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National and State Registers of Historic Places

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County: Hamilton
Records: All Properties

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Page 1 of 1 showing 4 records of 4 total, starting on record 1

Fort Aubrey Site

Picture of property Address Restricted
Syracuse (Hamilton County)
Listed in National Register Aug 31, 1978

Architect: Not listed
Area of Significance: fortification

Menno Community Hall

Picture of property Kendall vicinity
Kendall (Hamilton County)
Listed in National Register Mar 25, 2003

Architect: Howard T. Blanchard
Area of Significance: religious facility; clubhouse; meeting hall
Architectural Style(s): Other
Thematic Nomination: New Deal-era Resources of Kansas

Built in 1937 during the Great Depression, the Menno Community Hall took nearly a year to build. It began as a Works Progress Administration project to provide the rural families surrounding Menno a venue for entertainment, club meetings, and events. This WPA Rustic-style building was designed by Howard T. Blanchard of Garden City, and it was built to replace a previous community hall. Its construction was funded by the local Community Club, and the project provided important work opportunities for local men. The surrounding communities used the hall for events such as religious worship, sewing circles, 4-H meetings, plays, and talent shows. It was nominated as part of the "New Deal-Era Resources of Kansas" multiple property nomination for its architecture and association with local entertainment and recreational history.

Northrup Theater

Picture of property 116 North Main Street
Syracuse (Hamilton County)
Listed in National Register Feb 9, 2005

Architect: LaRosh & Sons Construction (Builder)
Area of Significance: recreational district
Architectural Style(s): Mission/Spanish Revival; Late 19th and 20th Century Revivals
Thematic Nomination: Historic Theaters and Opera Houses of Kansas

The Northrup Theater was built in 1930 by local Syracuse businessman Frank F. Northrup. At the time of its construction, the theater was outfitted with the most up-to-date entertainment technology and was able to screen both silent films and 'talkies' which included sound. The building reflects the Spanish Revival style, and it retains much of its original architectural character despite renovations that took in 1948. It was nominated as part of the "Historic Theaters and Opera Houses of Kansas" multiple property nomination for its local significance in the areas of recreation and architecture.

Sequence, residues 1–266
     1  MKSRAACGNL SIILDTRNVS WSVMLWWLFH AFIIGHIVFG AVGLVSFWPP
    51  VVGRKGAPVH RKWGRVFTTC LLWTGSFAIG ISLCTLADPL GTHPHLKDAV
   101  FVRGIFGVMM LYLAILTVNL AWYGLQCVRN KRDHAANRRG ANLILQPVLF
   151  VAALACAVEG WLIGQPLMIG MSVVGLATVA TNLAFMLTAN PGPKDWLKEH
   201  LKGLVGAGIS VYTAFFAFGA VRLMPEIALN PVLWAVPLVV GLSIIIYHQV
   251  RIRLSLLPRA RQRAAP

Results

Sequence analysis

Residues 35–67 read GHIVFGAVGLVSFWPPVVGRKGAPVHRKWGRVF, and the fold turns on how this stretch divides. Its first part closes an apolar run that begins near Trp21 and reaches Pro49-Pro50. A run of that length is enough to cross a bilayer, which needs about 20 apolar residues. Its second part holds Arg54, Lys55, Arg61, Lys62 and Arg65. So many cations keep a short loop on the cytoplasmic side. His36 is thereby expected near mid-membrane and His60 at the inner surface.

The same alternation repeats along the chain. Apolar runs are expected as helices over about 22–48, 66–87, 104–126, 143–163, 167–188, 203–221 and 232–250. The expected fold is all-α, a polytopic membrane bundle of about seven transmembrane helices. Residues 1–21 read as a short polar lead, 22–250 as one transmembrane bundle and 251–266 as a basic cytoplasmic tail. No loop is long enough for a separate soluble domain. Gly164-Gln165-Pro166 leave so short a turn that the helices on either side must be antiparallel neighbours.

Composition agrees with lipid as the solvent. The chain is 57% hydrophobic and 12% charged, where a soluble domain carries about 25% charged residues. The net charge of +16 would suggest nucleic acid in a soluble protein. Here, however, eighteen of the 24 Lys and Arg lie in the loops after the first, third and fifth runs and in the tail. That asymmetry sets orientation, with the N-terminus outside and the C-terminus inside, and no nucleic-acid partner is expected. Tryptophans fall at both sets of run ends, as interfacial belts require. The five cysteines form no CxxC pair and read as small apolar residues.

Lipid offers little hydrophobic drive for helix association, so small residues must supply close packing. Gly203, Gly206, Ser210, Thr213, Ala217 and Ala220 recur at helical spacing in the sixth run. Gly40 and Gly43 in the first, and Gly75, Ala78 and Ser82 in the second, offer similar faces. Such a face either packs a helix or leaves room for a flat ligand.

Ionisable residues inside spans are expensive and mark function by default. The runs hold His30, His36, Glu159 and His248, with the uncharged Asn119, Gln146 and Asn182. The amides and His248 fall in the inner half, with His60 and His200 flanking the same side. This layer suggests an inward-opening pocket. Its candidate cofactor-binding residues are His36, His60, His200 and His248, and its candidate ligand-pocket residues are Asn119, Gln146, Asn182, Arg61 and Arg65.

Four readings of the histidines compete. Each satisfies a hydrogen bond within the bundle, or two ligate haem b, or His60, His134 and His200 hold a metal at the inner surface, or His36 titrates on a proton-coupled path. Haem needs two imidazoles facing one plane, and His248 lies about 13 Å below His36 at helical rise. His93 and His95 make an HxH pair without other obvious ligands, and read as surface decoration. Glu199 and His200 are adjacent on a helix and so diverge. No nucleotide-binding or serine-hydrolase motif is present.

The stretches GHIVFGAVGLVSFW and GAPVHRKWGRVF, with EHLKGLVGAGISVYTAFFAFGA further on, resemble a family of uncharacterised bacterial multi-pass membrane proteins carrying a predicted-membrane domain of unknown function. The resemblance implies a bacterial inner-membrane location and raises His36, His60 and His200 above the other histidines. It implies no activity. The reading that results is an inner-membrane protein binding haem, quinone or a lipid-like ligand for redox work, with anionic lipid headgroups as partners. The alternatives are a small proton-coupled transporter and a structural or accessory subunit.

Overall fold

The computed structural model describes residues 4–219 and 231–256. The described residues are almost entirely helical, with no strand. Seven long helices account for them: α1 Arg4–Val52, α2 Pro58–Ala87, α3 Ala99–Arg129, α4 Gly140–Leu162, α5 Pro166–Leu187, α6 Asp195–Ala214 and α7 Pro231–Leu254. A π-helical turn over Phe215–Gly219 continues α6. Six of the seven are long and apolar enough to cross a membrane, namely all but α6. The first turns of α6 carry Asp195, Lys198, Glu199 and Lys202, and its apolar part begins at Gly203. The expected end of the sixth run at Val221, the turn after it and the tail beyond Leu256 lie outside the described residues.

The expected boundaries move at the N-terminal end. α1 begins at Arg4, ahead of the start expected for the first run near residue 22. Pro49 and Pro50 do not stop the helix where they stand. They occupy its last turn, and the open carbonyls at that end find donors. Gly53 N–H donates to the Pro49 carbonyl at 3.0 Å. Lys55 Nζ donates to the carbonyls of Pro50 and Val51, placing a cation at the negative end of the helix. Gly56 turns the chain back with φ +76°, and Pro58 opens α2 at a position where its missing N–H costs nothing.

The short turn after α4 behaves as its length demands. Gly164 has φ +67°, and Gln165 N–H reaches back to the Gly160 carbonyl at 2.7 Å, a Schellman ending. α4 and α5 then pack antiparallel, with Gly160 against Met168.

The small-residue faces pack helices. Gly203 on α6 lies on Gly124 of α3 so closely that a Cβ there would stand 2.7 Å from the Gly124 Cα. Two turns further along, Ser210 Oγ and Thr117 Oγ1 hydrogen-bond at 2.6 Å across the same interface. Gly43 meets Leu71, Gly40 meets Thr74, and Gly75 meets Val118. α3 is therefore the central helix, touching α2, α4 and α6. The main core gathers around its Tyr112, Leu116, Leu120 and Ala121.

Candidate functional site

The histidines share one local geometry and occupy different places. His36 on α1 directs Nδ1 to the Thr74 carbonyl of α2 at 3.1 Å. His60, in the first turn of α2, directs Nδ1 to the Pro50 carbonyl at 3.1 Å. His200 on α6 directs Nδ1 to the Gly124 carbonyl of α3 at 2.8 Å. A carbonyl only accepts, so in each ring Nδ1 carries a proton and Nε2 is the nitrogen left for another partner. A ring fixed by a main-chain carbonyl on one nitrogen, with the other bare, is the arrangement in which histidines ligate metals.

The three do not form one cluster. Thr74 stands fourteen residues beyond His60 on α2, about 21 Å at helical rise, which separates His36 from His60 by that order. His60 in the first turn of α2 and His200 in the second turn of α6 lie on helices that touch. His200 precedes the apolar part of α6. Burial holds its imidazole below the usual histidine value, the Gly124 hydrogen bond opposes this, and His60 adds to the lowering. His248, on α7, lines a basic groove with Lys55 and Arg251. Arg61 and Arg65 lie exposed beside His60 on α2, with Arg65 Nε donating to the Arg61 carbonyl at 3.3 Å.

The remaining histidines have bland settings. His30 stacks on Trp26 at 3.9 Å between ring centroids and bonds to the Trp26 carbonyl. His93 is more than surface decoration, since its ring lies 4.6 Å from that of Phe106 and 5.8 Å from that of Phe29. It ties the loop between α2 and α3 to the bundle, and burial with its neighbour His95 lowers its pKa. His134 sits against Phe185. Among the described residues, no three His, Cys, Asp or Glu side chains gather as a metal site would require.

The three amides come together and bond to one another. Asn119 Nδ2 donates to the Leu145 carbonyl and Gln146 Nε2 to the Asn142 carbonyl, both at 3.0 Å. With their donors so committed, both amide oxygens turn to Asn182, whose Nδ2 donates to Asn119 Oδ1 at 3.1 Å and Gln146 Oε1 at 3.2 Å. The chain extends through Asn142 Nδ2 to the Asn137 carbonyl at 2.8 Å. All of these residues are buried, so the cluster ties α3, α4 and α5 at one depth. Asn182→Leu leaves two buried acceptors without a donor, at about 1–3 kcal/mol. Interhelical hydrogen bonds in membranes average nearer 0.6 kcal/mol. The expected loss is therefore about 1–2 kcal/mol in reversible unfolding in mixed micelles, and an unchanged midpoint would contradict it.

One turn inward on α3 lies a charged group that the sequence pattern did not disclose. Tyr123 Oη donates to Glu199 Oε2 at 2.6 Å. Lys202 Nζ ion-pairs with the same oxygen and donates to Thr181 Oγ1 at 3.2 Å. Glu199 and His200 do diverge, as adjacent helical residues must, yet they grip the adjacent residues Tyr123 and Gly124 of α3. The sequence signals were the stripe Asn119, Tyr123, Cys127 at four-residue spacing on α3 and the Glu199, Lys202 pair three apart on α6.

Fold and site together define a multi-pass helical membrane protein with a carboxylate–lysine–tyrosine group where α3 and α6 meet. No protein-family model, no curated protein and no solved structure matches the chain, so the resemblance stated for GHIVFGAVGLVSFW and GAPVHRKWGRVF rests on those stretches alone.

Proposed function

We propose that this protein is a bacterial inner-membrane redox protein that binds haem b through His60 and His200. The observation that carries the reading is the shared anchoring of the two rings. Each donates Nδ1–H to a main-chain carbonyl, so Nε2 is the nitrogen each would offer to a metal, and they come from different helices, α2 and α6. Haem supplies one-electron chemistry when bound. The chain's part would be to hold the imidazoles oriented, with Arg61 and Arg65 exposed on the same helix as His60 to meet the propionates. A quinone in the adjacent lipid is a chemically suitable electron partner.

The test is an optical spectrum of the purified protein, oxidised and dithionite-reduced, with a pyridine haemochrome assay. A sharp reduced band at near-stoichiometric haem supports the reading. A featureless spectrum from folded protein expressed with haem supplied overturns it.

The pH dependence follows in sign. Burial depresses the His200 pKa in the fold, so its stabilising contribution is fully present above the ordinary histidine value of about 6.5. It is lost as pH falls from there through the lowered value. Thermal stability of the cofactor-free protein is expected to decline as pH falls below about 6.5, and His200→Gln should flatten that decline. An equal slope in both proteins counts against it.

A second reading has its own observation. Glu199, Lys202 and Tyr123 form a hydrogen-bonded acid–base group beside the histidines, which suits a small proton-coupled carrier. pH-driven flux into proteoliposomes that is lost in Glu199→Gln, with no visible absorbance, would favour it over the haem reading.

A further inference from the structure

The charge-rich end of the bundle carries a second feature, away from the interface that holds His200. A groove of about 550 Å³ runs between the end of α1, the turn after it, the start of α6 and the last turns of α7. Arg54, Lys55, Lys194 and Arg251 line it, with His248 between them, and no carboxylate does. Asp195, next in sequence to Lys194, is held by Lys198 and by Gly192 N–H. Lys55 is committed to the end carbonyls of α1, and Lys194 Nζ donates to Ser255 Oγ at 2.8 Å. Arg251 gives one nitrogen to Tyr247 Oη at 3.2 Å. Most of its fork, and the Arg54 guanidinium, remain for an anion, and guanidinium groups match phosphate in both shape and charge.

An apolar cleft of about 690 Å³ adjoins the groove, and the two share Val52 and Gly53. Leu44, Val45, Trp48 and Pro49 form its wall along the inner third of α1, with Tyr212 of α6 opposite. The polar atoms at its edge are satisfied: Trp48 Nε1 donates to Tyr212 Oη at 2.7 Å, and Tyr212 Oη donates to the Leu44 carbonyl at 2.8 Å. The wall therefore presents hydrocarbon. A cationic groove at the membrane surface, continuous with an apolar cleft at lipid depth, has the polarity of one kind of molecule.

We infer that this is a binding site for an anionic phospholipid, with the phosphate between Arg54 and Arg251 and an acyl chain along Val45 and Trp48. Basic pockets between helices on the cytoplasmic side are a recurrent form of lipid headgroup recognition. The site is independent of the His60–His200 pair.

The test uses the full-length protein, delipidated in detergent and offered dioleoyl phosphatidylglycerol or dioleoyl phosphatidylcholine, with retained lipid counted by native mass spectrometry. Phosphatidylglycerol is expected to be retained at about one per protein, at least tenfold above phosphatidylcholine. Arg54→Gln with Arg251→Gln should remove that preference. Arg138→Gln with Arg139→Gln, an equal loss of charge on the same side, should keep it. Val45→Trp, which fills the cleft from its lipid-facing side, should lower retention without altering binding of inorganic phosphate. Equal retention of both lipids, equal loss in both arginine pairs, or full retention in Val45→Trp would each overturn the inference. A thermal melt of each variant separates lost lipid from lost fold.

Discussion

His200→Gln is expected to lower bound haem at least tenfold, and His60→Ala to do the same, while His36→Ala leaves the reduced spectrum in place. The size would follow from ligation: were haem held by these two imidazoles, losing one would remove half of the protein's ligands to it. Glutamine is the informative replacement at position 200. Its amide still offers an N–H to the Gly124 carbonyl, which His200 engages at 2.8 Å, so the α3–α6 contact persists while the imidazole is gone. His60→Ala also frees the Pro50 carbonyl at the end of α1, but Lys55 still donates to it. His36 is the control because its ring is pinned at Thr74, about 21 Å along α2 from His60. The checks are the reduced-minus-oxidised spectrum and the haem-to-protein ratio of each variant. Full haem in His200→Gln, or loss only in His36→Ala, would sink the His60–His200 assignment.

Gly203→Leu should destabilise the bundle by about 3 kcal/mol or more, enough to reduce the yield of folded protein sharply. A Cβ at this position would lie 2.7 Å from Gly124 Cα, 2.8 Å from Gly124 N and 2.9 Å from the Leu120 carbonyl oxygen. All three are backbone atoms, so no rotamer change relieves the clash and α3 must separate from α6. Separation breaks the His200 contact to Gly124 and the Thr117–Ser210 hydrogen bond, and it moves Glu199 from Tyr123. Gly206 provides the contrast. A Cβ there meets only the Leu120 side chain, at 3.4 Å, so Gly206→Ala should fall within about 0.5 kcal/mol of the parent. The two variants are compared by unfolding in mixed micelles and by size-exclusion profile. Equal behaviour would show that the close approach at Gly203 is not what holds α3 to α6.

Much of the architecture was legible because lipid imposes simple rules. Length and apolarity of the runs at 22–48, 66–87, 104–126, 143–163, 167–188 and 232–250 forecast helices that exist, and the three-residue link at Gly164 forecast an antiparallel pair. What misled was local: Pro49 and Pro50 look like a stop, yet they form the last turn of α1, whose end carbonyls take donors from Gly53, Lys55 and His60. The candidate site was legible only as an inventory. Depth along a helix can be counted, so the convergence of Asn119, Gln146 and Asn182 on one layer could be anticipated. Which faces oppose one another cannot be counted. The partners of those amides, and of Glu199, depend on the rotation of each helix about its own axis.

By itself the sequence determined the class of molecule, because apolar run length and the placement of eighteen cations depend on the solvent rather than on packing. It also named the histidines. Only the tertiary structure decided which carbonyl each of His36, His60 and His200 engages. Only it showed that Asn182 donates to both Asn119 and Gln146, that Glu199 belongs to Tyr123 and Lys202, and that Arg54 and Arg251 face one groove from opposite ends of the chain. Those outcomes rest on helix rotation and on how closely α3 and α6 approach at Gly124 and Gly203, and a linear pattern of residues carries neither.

Potter's Opera House

Picture of property 110 Walnut Street
Coolidge (Hamilton County)
Listed in State Register Feb 12, 2011

Architect: Potter, Garner T., developer
Area of Significance: vacant/not in use; music facility; theater; meeting hall
Architectural Style(s): Italianate; Vernacular

Built in 1886, Potter’s Opera House is one of only a few commercial buildings that remain in Coolidge from the city’s brief heyday in the mid-1880s. The town developed in the late 1870s along the Arkansas River where travelers had once passed along the Santa Fe Trail. The Atchison, Topeka and Santa Fe Railroad built a roundhouse, machine shops, passenger and freight depots, a hotel, and tenement housing in Coolidge causing a building frenzy between 1886 and 1888. It was within this period of intense and rapid growth that local blacksmith and entrepreneur Garner T. Potter built the town’s first meeting hall and entertainment space. The building initially served an important community function as a place where churches could hold religious services and where schoolchildren could attend class. As other buildings were constructed in Coolidge, this building’s function shifted to that of a meeting hall and entertainment venue. For much of the twentieth century, this two-story limestone building served as the local Masonic Lodge. The building was nominated for its association with local social history.

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